The best budgeting methods track when money comes in, how much, and when things were paid for. There are many ways to do this, from simple writing to spreadsheets to applications. The best way is one that will keep you on track rather than being a chore you avoid.

I use a Google doc, where I show incoming money in black, bills that are scheduled online to be paid in orange, bills that I physically have to pay myself in red. When the payments show that they have come out of my bank account, I change the orange or red to green. It’s funny! There’s nothing like seeing a month of “greenbacks” and still having money in my account.

How can I understand unfixed and discretionary things? It’s different every month!

Modern technology has made things so much easier when it comes to tracking expenses. Gather your bank and credit card statements (they’re all available online), get a highlighter, notepad or whatever, and go through three to six months. Separate the different types of expenses by classifying them into three categories of expenses: fixed necessary, non-fixed necessary and discretionary. Divide each category by the number of months you have collected. This will show the average monthly amount for each. Obviously, the more months you look at, the more accurate it will be.

If you use cash to pay for things, you’ll need to keep track of your cash spending for several months to get a good idea. Don’t wait until you’ve done this to start budgeting. Give yourself a good stage to start with.

What happens after I have done all these calculations?

Take a hard and serious look at what you spend money on. Some things probably can’t change, at least for now. These include expensive items like housing and your car.

But, come on, you know there are places where you can cut your expenses. It’s tough in many cases, but if you’re running out of credit cards or can’t feed your kids, get gas in your car, or heat your house, it’s worth it.

There may also be ways to increase your income, although we both know that if it was easy, you would have done it already.

[We’ll talk more about realistic ways to cut expenses and increase income in November].

But what should I do monthly with my budget?

Tracking is essential, because in addition to assessing your expenses, budgeting also helps ensure that the necessary bills are paid.

Set up automatic payments on as many invoices as possible. If possible, set them all for the same date or pay period, so you know when they will come out of your account. The first day of the month, for example, is easy to remember. This includes credit cards – set up autopay for a specific amount above the minimum payment or the minimum payment if you can’t afford more. When you have extra money, make extra payments during the month (see This is your January money column for more).

Make sure you have the money in your account to pay the bills when they come in (budgeting!).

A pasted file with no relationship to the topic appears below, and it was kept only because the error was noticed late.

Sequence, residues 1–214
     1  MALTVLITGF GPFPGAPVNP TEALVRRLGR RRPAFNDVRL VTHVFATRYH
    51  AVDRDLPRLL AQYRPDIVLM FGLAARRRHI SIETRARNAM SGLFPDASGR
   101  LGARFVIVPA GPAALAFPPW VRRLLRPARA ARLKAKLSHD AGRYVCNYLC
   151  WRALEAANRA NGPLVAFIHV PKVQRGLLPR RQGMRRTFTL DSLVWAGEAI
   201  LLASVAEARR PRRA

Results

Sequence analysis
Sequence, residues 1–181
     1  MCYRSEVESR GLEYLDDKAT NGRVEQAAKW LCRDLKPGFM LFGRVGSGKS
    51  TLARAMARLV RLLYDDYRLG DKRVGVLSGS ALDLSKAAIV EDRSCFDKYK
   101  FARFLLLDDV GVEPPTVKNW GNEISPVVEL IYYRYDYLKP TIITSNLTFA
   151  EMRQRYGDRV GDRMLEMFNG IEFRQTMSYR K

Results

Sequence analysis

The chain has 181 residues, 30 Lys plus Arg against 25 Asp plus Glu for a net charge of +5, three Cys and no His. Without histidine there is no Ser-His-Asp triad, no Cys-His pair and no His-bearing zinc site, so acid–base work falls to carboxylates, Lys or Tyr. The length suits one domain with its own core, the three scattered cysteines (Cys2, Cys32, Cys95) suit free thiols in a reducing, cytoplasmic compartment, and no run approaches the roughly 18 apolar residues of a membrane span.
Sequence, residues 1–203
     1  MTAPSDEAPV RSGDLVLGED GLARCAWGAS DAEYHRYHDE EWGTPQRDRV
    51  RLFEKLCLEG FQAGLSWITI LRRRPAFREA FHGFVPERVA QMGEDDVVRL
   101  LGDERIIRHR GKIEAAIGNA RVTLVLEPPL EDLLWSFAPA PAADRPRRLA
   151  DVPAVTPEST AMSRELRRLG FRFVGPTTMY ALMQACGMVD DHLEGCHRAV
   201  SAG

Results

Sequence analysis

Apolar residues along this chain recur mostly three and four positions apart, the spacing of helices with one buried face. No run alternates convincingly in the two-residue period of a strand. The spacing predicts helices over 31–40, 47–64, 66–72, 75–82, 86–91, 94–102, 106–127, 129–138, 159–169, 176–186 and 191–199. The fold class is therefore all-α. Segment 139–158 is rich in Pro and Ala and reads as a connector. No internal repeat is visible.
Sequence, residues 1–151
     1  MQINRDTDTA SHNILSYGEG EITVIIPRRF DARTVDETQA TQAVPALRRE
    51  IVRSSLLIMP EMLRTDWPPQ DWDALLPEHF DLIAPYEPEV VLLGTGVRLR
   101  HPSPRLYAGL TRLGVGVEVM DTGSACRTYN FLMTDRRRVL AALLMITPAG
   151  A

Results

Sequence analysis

One way that works well is to have one checking account for bills and another for everything else. If you are paid by direct deposit, have the salary paid into this account, then transfer the discretionary money to the other account. Or, better yet, have your salary paid into a second account and transfer the money from the bill to the billing account where it won’t be touched by anything else.

If you really want to have fun, make all your streaming and other subscriptions come from a third account just for them. A great way to do this is with a low-limit, low-interest credit card account that you pay off monthly. It’s a great way to keep track of your streaming and other digital subscriptions.

Having a bunch of separate accounts is kind of a modern take on the “envelope” method of budgeting. In the past, before digital banking, people who used this method cashed their paycheck and then put the amounts in envelopes for certain bills. There are also apps and software that follow this method, but you still need to link all your accounts and do some work to make it work properly. You will probably find that moving the money yourself is much more efficient. Most banks allow multiple accounts at no additional cost, and transferring money between them is seamless.

Can I change my budget?

Of course you can! You are in control. A budget must change. If your expenses go up or down, your income changes – whatever the adjustment, make it within your budget. You will begin to have a clear picture of the money coming in and going out and how you control it.

Budgeting can seem like “too much work”. Or you might want suggestions on how to pay less NOW. The reality is, however, that you are an adult in a complicated world. There is no simple solution or workaround for determining your household budget. It’s up to you to make good things happen financially for you and your family, and that’s the start.

NEXT MONTH: If you’re looking to increase your income or reduce your expenses, you’ve probably had enough of all the advice online. Get a side job! Eliminate one Starbucks coffee per week! Next month, we’ll look at concrete ways to reduce expenses and increase income.